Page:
We got pretty devious about things for a while there. It became very easy for us to find our way into a crowded area before deploying. By the time people were laying blame, we were long gone, and no one was the wiser. That was called the “Drag and Drop”.

Probably the most memorable time for me was on the way home from a seminar (Yeah, I was quite a bit older at that point.) and a group of us was leaving. I tried to separate myself from the group, but just as I was decompressing, the elevator showed up and I had to jump on. And it was packed, and hot. It was five or six floors of total silence and thick disgust. The only sound that could be heard was me trying not to erupt in laughter.

Getting off the elevator, I realized the poor fellow behind me was in a wheelchair and right at trap-door level, only mere inches from my trembling-with-stifled-laughter stanky arse. That poor man deserves a medal.

If you find yourself wishing your particular male adolescent would find something else amusing other than asphyxiating you, you may be relieved to hear there are things that a boy will find even funnier.

There’s a reason slapstick is so popular, you see. A boy will always laugh when someone gets hurt. The closer related the injured person is, the harder he will laugh. Mt. Rushmore could have probably acceptably been carved into Larry, Curley, Moe and Chemp.

My cousin and I were pretty good friends, and together almost all of the time back then. One day I was doing the dishes, or at least, cleaning the coffee pot, as I’d had quite the coffee habit by then. It was an electric percolator. You’d put the coffee in the basket inside with the water and plug it in. Ten minutes later, you’d have coffee.

Maybe it’s because I wasn’t schooled in the ways of electricity, or perhaps I was, but because I hadn’t had my coffee yet, I didn’t think about it, but I rinsed the thing off, set it down on the counter and plugged it in. It began perking away.

I reached into the dishpan and removed my mug, intending to clean it. One hand in the dishpan, I put my other hand down on the counter, and BZZZZT!!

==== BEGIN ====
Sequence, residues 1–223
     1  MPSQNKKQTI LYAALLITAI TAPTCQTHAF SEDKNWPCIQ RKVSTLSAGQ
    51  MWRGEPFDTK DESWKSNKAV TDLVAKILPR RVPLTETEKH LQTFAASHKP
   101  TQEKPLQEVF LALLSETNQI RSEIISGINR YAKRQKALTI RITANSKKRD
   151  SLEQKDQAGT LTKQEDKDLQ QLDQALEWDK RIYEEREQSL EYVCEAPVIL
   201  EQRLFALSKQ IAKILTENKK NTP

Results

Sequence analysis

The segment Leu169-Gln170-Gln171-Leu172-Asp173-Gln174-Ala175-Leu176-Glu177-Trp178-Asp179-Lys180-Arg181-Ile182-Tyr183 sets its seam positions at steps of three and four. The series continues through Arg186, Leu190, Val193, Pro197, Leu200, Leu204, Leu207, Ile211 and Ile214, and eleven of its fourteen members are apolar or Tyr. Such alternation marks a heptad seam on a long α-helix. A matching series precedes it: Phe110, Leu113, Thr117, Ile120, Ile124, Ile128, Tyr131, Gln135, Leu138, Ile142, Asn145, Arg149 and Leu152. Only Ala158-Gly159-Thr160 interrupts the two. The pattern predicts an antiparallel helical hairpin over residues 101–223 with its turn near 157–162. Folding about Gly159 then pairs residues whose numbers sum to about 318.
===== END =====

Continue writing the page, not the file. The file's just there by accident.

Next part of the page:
I dropped my mug and a recoiled from the coffee pot. I looked at it for a moment, and put 2 and 2 together. Once I understood what was going on… I did it again.

and again. I laughed and did it a fourth time, this time making noises like I was totally frying.

I splashed a little more water on the cord, and took a deep breath. I was going for gold this time. I stuck one hand in the dishpan, and grabbed the pot with my whole hand and held on like I was dangling from a helicopter. The lights dimmed a bit.

Getting back to what I was talking about before, regarding friends getting hurt being funny, I called my cousin into the kitchen, and pretended to be busy with something. I told him the coffee was almost done, if he wanted to wash his mug, which I made sure was dirty. As soon as he reached into the dishpan, I grabbed him by the throat and shocked the bajesus out of him.

He swung his arms a bit, and broke the connection. I was laughing so hard I couldn’t answer his demands of “What the hell was that!?”

After a few minutes I showed him what was going on, and we both had a good laugh. We added more water and made all kinds of experiments out of the materials we had at hand. Sponges, spoons, tin foil and so on.

While I know we were quite a pair, I’m sure we weren’t alone in our stupidity-based fun. What did you do as a kid?